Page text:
Violent radicalisation and far-right extremism in Europe

Emerging trends in the European political context, including the rise of nativist nationalism and the emergence of hostile public discourses on immigration, have brought ideas traditionally attributed to the far-right into mainstream discussion, in the process popularising and in some cases ‘normalising’ them in the eyes of particular audiences. Especially since the turn of the new millennium, the discussion on the dynamics of, and threats from, violent radicalisation has received considerable fresh attention since a series of recent terrorist attacks testified to its highly disruptive and destructive potential. Taken together with the appreciable rise in instances of hate speech and in violent incidents against vulnerable groups (Muslim, Jewish, Roma communities; immigrants and refugees, etc.), it is now feared that we may be witnessing a much broader and profound ‘reverse wave’ towards more intolerance, exclusion, and normalisation of violent extremism in contemporary societies.

The report is the result of a research project organised by Hedayah and the Foundation for Political, Economic and Social Research (Siyaset, Ekonomi ve Toplum Araştırmaları Vakfı, SETA), born out of the need to understand both the generic and context-specific dynamics of the violent radicalisation of individuals and groups belonging to the far-right. The aim was to explore the causes, dynamics, multiple trajectories, and effects of violent radicalisation among the particular constituency of the far-right in Europe.

Such an exploration is timely in two significant ways. First, the world is witnessing an appreciable rise in violent rhetoric and terrorist action from the far-right in Europe. While the dynamics of this trend may differ from country to country and from region to region, more research is needed at the intersection of structural, historical, biographical, and anthropological approaches to radicalisation, violent extremism, and efforts to counter it.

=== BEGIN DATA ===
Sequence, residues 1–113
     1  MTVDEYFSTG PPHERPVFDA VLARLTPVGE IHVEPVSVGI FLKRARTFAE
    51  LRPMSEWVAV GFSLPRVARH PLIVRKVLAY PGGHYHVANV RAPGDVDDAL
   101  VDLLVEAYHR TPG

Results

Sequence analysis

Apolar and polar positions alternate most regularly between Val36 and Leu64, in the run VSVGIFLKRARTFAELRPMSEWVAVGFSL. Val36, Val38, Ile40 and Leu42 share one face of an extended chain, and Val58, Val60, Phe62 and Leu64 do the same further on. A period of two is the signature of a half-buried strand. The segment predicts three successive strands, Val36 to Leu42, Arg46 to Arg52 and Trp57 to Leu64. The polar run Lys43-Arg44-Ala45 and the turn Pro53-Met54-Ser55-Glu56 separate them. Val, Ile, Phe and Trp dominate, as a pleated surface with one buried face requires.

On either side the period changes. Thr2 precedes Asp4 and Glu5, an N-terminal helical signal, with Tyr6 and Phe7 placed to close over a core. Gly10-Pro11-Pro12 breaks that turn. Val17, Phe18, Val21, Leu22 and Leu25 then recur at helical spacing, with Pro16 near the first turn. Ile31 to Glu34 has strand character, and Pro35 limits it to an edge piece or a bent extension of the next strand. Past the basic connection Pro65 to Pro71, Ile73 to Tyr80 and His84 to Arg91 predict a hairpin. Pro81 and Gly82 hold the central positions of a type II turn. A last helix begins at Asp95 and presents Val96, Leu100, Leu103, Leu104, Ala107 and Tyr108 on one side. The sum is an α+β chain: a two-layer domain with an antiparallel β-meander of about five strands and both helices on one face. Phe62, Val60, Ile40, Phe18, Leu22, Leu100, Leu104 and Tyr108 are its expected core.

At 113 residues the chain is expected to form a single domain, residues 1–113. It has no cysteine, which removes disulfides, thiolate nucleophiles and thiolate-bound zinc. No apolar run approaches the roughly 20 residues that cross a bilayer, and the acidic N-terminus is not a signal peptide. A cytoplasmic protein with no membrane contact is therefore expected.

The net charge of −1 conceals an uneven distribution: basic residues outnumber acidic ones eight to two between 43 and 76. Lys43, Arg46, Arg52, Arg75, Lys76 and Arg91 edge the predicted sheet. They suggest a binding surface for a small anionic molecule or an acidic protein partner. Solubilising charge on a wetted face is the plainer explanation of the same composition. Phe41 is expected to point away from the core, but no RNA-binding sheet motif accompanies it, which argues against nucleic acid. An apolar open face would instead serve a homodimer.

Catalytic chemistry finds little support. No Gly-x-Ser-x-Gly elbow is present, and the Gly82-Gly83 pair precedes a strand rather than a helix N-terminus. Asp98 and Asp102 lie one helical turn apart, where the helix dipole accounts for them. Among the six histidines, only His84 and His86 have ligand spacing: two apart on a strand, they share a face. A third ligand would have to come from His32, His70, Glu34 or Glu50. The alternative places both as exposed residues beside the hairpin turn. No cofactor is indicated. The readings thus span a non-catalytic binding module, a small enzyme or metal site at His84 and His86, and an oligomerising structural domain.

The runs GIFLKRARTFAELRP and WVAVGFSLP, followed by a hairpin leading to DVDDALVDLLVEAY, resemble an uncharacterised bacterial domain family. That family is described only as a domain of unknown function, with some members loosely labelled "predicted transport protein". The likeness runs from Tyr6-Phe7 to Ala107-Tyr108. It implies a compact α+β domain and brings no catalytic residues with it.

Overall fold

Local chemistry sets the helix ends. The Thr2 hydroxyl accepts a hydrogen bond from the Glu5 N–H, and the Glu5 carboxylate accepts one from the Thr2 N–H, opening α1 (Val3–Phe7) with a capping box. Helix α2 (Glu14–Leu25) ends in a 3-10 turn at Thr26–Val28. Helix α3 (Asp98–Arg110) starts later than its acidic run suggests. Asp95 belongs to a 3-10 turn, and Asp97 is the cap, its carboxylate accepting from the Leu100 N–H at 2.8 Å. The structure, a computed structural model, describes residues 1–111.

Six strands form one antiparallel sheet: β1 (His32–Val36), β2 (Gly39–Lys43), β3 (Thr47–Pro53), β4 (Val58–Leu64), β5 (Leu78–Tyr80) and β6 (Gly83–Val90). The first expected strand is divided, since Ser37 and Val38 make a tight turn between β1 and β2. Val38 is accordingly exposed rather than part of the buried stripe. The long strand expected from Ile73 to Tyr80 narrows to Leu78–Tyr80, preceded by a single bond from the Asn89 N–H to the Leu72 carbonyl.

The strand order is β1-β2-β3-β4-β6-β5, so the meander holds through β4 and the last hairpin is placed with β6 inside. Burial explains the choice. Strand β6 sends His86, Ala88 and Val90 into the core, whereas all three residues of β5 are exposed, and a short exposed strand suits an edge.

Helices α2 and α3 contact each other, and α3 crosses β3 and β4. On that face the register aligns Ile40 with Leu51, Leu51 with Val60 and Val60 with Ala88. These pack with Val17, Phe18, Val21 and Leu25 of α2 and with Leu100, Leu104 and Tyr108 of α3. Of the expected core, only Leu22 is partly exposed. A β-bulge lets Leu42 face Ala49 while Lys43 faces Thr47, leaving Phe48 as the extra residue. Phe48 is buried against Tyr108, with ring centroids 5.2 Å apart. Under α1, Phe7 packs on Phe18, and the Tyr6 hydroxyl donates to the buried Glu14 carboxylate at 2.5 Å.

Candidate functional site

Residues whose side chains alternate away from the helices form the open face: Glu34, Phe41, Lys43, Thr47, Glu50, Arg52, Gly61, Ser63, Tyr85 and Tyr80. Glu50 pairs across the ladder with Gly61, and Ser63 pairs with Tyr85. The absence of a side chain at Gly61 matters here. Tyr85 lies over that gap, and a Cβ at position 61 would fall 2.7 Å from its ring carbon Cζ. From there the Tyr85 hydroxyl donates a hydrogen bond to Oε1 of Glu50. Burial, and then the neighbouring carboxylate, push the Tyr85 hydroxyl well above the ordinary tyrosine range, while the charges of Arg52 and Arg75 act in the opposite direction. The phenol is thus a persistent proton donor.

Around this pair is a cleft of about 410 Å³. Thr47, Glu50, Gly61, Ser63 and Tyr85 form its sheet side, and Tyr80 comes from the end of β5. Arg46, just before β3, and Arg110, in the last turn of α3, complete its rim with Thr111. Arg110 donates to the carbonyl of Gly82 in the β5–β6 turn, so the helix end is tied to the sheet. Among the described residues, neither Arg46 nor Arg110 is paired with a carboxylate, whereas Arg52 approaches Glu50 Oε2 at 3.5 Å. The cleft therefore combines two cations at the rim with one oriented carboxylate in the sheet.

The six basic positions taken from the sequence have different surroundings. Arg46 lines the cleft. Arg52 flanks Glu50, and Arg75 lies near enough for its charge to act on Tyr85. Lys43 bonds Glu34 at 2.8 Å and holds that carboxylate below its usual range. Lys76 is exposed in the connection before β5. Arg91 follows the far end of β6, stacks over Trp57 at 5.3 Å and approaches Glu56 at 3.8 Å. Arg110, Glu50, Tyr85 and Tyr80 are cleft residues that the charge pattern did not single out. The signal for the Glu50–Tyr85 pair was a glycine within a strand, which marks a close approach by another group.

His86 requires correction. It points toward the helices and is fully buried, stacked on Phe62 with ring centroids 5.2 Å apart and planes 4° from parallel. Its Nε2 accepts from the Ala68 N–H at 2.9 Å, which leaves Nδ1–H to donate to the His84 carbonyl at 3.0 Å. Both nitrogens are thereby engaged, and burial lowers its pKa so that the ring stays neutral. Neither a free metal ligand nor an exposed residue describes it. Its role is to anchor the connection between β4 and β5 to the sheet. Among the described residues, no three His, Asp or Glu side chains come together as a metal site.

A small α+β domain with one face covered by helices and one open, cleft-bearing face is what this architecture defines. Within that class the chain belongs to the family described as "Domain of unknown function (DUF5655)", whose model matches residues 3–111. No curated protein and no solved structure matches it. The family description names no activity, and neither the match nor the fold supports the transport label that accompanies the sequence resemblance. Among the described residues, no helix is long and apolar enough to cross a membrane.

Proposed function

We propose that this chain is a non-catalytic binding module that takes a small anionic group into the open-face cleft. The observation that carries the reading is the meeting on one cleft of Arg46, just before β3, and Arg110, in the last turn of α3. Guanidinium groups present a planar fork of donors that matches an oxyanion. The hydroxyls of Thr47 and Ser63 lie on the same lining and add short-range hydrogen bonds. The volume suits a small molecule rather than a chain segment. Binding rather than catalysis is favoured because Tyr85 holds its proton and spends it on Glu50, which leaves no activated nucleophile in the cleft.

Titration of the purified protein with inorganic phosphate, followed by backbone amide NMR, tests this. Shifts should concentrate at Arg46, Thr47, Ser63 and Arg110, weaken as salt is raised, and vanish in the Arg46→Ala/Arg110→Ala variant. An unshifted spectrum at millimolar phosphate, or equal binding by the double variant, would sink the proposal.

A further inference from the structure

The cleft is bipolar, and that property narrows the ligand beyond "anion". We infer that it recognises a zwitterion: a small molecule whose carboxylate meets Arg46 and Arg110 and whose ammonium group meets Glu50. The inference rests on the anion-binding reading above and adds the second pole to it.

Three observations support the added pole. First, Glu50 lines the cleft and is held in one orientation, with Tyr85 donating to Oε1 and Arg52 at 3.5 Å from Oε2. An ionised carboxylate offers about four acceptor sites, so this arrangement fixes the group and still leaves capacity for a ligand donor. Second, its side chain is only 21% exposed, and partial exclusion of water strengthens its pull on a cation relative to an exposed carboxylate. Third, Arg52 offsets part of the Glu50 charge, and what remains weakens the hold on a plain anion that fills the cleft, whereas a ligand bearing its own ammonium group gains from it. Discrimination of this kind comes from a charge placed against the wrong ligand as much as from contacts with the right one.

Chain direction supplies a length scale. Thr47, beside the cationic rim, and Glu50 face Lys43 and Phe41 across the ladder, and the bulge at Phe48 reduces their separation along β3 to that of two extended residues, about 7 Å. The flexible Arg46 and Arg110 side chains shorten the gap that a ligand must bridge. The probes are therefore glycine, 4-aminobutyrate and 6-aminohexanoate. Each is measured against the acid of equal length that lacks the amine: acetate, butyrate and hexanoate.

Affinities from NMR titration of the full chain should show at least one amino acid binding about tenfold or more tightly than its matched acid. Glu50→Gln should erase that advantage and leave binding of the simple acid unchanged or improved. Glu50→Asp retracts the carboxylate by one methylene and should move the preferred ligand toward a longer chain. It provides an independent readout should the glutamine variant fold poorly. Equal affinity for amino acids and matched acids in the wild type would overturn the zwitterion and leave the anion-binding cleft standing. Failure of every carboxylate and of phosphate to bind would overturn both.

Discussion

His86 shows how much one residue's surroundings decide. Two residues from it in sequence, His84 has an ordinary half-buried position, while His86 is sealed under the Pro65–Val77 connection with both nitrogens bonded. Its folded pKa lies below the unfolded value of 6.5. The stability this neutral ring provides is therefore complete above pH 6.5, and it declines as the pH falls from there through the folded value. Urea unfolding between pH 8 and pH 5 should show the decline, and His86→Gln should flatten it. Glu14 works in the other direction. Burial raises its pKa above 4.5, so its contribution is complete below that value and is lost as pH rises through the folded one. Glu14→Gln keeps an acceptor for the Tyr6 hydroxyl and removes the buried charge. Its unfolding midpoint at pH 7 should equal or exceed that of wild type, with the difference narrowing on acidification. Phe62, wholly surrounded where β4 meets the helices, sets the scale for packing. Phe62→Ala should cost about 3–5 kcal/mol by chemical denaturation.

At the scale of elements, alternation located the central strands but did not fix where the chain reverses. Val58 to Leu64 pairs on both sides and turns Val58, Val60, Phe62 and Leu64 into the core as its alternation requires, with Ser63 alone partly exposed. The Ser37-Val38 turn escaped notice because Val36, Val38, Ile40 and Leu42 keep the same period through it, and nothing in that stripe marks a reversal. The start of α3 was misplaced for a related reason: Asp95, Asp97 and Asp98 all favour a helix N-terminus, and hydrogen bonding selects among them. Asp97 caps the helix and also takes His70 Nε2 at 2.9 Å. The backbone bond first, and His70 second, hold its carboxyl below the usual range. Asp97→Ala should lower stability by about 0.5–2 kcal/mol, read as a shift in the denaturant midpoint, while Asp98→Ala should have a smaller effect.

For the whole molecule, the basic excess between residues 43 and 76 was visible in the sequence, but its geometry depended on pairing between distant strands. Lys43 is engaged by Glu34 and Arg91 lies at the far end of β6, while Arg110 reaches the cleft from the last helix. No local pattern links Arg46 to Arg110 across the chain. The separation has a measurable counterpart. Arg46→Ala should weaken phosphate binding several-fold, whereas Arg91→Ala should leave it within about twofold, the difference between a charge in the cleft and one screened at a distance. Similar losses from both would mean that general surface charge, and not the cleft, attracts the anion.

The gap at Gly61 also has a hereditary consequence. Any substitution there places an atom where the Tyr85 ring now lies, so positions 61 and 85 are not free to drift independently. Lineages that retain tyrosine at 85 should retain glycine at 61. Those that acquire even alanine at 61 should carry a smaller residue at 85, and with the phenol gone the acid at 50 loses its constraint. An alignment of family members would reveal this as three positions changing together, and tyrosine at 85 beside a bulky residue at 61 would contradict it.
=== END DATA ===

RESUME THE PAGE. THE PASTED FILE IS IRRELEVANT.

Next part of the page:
Second, understanding and addressing violent radicalisation of the far-right requires at least as much focus on the particularities of the radicalisation process as on the particular field of the so-called ‘far-right’. Preventing and countering violent extremism (P/CVE) policies in particular, and to some extent P/CVE programmes, have tended to treat the violent radicalisation of the far-right as a subset, however distinct, of a wider problem. Understandable though this approach may be, it runs the risk of confusing the similar outcome (violent extremism) with the potentially unique and very different causes and drivers of radicalisation in the particular domain of the far-right. While on the programme level there exist initiatives that focus on the far-right and exit strategies, they are not always reflected in policy and could become expanded.

The report contains four essays, two of which focus on a single country (United Kingdom and Hungary) and two more on important inter- and transnational themes (single/lone actors and online radicalisation of the far-right). In following this formula, the project seeks to explore the role of different factors at various stages of the process of radicalisation and against the backdrop of different political cultures and historical legacies. The essays were presented at an international workshop held in Ankara on 24-25 May, 2017, hosted by SETA, Hedayah, and the Ministry of Foreign Affairs of the Republic of Turkey.

Each essay is structured in two discrete parts. The first part features a policy-based treatment of the subject, with emphasis on recommendations for future P/CVE action. The second part provides an extensive analytical treatment of the subject and case study, with a literature review, historical background, and analysis of particular facets backed by relevant evidence.

The project was funded by the Ministry of Foreign Affairs, Republic of Turkey.


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